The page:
Functional significance of anti-T-lymphocyte antibodies in sarcoidosis

J. R. Spurzem, C. Saltini, Ronald Crystal

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Pulmonary sarcoidosis is a chronic disorder characterized by the activation of helper/inducer T-cells in the lung without a concomitant increase in suppressor/cytotoxic T-cells. It is known that patients with sarcoidosis have circulating anti-T-cell antibodies, primarily of the IgM class. To evaluate a functional role for these antibodies in enhancing lung helper T-cell processes in pulmonary sarcoidosis, we evaluated serum and lavage fluid of patients with active sarcoidosis for the presence of anti-T-cell antibodies, the T-cell subset specificity of these antibodies, and the possible stimulatory or inhibitory effects of these antibodies on T-cells relevant to the exaggerated helper T-cell processes in sarcoidosis. Indirect immunofluorescence studies demonstrated that sarcoid patients had anti-T-cell antibodies of the IgM type reacting with autologous as well as with nonautologous normal T-cells. IgM recovered in sarcoid lavage fluid also reacted with T-cells, thus demonstrating the autoantibodies at the site of disease. Two-color immunofluorescence and flow cytometry showed that these sarcoid autoantibodies bound to mostly Leu2+ suppressor/cytotoxic T-cells, but also to a small proportion of Leu3+ helper/inducer T-cells. Incubating lymphocytes with sarcoid serum or IgM purified from sarcoid serum did not stimulate T-cell proliferation. Furthermore, when Leu2+ T-cells were stimulated with irradiated allogenic B-cells, increasing concentrations of sarcoid serum had no inhibitory effects on the activation and proliferative response of the Leu2+ T-cells. Likewise, the purified IgM anti-T-cell antibodies had no inhibitory effects on the mitogenic response of Leu2+ T-cells to the anti-T-cell antigen receptor-associated T3 complex antibody OKT3. Thus, the IgM anti-T-cell autoantibodies of sarcoidosis are present at the site of disease and bind to potentially relevant T-cell subsets; however, our study found no evidence that they have an identifiable functional role in the development of the excess helper T cell activity of sarcoidosis.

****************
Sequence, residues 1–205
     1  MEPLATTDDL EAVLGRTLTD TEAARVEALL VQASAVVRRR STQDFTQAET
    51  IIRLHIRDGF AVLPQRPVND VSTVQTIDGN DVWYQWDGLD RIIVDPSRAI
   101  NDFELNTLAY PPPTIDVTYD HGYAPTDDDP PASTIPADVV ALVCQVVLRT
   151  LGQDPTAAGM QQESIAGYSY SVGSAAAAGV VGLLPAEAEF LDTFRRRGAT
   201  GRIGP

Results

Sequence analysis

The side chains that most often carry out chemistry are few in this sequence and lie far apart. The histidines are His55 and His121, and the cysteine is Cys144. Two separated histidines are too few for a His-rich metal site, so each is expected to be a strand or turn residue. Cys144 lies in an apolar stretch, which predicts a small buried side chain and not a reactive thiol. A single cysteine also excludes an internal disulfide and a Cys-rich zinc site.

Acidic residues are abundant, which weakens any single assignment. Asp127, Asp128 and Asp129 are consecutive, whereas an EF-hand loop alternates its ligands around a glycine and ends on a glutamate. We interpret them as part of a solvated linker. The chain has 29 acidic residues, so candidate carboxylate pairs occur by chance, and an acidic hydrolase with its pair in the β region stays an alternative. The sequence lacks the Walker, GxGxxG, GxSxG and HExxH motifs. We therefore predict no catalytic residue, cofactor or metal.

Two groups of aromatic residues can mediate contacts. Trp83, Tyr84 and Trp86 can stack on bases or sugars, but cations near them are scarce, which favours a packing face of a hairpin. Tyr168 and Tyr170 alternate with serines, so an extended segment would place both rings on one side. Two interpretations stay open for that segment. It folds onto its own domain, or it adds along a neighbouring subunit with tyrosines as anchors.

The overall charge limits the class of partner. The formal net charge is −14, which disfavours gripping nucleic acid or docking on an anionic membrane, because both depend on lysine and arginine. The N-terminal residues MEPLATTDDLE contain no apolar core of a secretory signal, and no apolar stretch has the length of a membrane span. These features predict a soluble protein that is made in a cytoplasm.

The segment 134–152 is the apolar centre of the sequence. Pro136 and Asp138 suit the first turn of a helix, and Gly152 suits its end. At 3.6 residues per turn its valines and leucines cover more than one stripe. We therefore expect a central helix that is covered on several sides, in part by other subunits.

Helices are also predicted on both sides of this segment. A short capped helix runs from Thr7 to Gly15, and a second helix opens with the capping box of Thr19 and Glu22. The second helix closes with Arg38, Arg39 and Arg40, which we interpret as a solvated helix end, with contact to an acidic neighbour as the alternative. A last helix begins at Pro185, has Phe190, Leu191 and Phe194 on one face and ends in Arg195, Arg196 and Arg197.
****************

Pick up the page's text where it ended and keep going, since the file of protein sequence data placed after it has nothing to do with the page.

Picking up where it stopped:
Original languageEnglish
Pages (from-to)600-605
Number of pages6
JournalAmerican Review of Respiratory Disease
Issue number3
Publication statusPublished - 1 Jan 1988
Externally publishedYes


ASJC Scopus subject areas

  • Pulmonary and Respiratory Medicine

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